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This post is not short. However I'm sure that a guy who good handle these concepts, could read and answer in five minutes. I only want to write my attempt, in order to understand where I'm wrong.

Let $\Omega\in\Bbb C$ be a domain; $\varphi:\Omega\to[-\infty,+\infty[$ upper semicontinous (i.e. $\varphi(z_0)\ge\limsup_{z\to z_0}\varphi(z)\;\;\forall z_0\in\Omega$).

I need to show, given $\bar\Delta_{z_0,r}\Subset\Omega$ (the unitary disk of radius $r$) that $$ \varphi(z_0)\le\frac1{2\pi r}\int_{\partial\Delta_{z_0,r}}\varphi(s)\;ds $$ implies $$ \varphi(z_0)\le\frac i{2\pi r^2}\int_{\Delta_{z_0,r}}\varphi(z,\bar z)\;dz\wedge d\bar z\;\;. $$

Now what everybody would do is to rewrite the first inequality as

$$ (2\pi t)\varphi(z_0)\le\int_{\partial\Delta_{z_0,t}}\varphi(s)\;ds $$ and then integrate over $]0,r]$ wrt the variable $t$.

In this way LHS become easily $\pi r^2\varphi(z_0)$.

My problem is with RHS. Roughly I'd write $$ \int_0^r\int_{\partial\Delta_{z_0,t}}\varphi(s)\,ds\,dt =\int_{\Delta_{z_0,r}}\varphi(z)\,dz $$

but I'm not sure it has some sense. So I started form the other side, and this is what I got: \begin{align*} \int_{\Delta_{z_0,r}}\varphi(z,\bar z)\;dz\wedge d\bar z &=-2i\int_{\Delta_{z_0,r}}\varphi(x,y)\,dx\wedge dy\\ &=-2i\int_{\Delta_{z_0,r}}\varphi(x,y)\,dx\wedge dy \end{align*}

this could be seen in two ways: writing $dz\wedge d\bar z=(dx+idy)\wedge(dx-idy)=-2i(dx\wedge dy)$ or changing variable via the isomorphism $\beta:\Bbb R^2\stackrel{\simeq}{\to}\Bbb C$ defined by $(x,y)\mapsto(x+iy,x-iy)$.

What we have, then, is the integral of a $2$-form on a $2$-parametric manifold. So I consider now $$ \alpha:]0,r[\times[0,2\pi[\longrightarrow\Delta_{z_0,r}\setminus\{z_0\} $$ defined by $$ (t,\theta)\longmapsto (\Re z_0+t\cos\theta,\Im z_0+t\sin\theta) $$

from which we have $$ -2i\int_{\Delta_{z_0,r}}\varphi(x,y)\,dx\wedge dy=\\ =-2i\int_{]0,r[\times[0,2\pi[}\varphi (\Re z_0+t\cos\theta,\Im z_0+t\sin\theta) \underbrace{[\partial_t\alpha_1\partial_{\theta}\alpha_2-\partial_t\alpha_2\partial_{\theta}\alpha_1]}_{=\partial\alpha_1\wedge\partial\alpha_2(\partial_t\alpha,\partial_{\theta}\alpha)=t}\,dt\,d\theta\\ =-2i\int_0^rt\underbrace{\int_0^{2\pi}\varphi (\Re z_0+t\cos\theta,\Im z_0+t\sin\theta)\,d\theta}_{=:A(t)}\,dt $$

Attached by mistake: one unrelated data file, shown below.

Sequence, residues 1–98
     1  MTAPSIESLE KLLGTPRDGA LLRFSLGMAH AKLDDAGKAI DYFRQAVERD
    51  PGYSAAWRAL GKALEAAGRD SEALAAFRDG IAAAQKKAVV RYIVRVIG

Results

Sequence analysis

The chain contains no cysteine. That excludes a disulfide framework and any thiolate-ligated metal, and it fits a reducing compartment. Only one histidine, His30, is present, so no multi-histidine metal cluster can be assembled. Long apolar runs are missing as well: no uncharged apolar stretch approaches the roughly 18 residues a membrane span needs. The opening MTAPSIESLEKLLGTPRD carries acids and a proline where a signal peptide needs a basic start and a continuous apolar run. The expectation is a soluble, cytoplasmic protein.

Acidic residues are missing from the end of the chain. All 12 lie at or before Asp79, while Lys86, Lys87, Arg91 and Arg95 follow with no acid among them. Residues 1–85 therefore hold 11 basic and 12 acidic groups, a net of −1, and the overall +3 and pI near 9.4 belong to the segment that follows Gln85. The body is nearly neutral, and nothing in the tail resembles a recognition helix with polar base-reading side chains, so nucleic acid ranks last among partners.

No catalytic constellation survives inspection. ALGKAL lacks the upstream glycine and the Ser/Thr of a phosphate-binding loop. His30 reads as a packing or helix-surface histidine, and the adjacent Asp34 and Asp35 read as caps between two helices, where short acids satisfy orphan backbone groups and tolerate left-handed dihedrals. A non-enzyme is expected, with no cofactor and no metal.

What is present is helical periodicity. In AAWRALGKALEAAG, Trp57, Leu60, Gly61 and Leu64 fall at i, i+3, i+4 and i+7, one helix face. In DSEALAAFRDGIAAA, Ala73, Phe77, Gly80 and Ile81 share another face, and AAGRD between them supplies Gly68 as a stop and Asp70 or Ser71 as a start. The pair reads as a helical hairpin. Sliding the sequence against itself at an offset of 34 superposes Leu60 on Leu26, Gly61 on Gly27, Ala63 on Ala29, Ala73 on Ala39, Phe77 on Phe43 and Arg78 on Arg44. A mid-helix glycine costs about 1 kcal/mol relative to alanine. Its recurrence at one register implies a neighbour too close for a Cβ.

And till here it seems (to me!) to have made no mistakes.

Now I thought I could work on $A(t)$. Using $\beta^{-1}$ I got $$ A(t)=\frac i2\int_0^{2\pi}\varphi(z_0+te^{i\theta})\,d\theta $$ The problem comes now: how to proceed? I would change variable to this last integral $s=z_0+te^{i\theta}$: in this way it's ALMOST (and almost in Mathematics means wrong) equal to the wanted integral, except for a $ie^{i\operatorname{arg}(s)}$ or something similar (I erased it from my notebook).

Where am I wrong? How can I conclude?

Many thanks!

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  • $\begingroup$ "a complex function can be integrated over a path, not over a surface" Why? What prohibits us from integrating a complex function, like $f(z)=e^z$ over some region, like the unit disk or a square? It's the usual integral with respect to a measure, the measure being two-dimensional Lebesgue. $\endgroup$ – user147263 Feb 1 '15 at 22:19
  • $\begingroup$ You're right, thanks. However the identity which preceeds this sentence doesn't convince me. $\endgroup$ – Joe Feb 1 '15 at 22:21
  • $\begingroup$ You could write $\int_0^r\int_{\partial\Delta_{z_0,t}}\varphi(s)\,ds\,dt=\int_{\Delta_{z_0,t}} \varphi(z)\,d \text{ "some symbol for 2d Lebesgue measure"}$, and it would be correct. Integration in polar coordinates is an instance of Fubini's theorem; its legitimacy is justified by measure theory, not by complex analysis. $\endgroup$ – user147263 Feb 1 '15 at 22:23